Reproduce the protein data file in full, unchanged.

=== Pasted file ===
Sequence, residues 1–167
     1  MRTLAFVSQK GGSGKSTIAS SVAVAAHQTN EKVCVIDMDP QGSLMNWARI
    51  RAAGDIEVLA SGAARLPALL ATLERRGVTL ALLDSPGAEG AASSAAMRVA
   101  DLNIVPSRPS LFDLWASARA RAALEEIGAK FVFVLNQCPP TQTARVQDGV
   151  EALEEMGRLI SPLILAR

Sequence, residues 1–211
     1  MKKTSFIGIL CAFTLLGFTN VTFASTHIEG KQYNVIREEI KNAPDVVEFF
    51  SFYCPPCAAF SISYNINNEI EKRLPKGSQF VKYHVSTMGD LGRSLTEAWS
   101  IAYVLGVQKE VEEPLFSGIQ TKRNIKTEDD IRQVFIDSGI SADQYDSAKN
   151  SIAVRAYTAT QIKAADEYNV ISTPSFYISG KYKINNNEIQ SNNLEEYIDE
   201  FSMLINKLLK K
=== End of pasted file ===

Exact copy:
Sequence, residues 1–167
     1  MRTLAFVSQK GGSGKSTIAS SVAVAAHQTN EKVCVIDMDP QGSLMNWARI
    51  RAAGDIEVLA SGAARLPALL ATLERRGVTL ALLDSPGAEG AASSAAMRVA
   101  DLNIVPSRPS LFDLWASARA RAALEEIGAK FVFVLNQCPP TQTARVQDGV
   151  EALEEMGRLI SPLILAR

Sequence, residues 1–211
     1  MKKTSFIGIL CAFTLLGFTN VTFASTHIEG KQYNVIREEI KNAPDVVEFF
    51  SFYCPPCAAF SISYNINNEI EKRLPKGSQF VKYHVSTMGD LGRSLTEAWS
   101  IAYVLGVQKE VEEPLFSGIQ TKRNIKTEDD IRQVFIDSGI SADQYDSAKN
   151  SIAVRAYTAT QIKAADEYNV ISTPSFYISG KYKINNNEIQ SNNLEEYIDE
   201  FSMLINKLLK K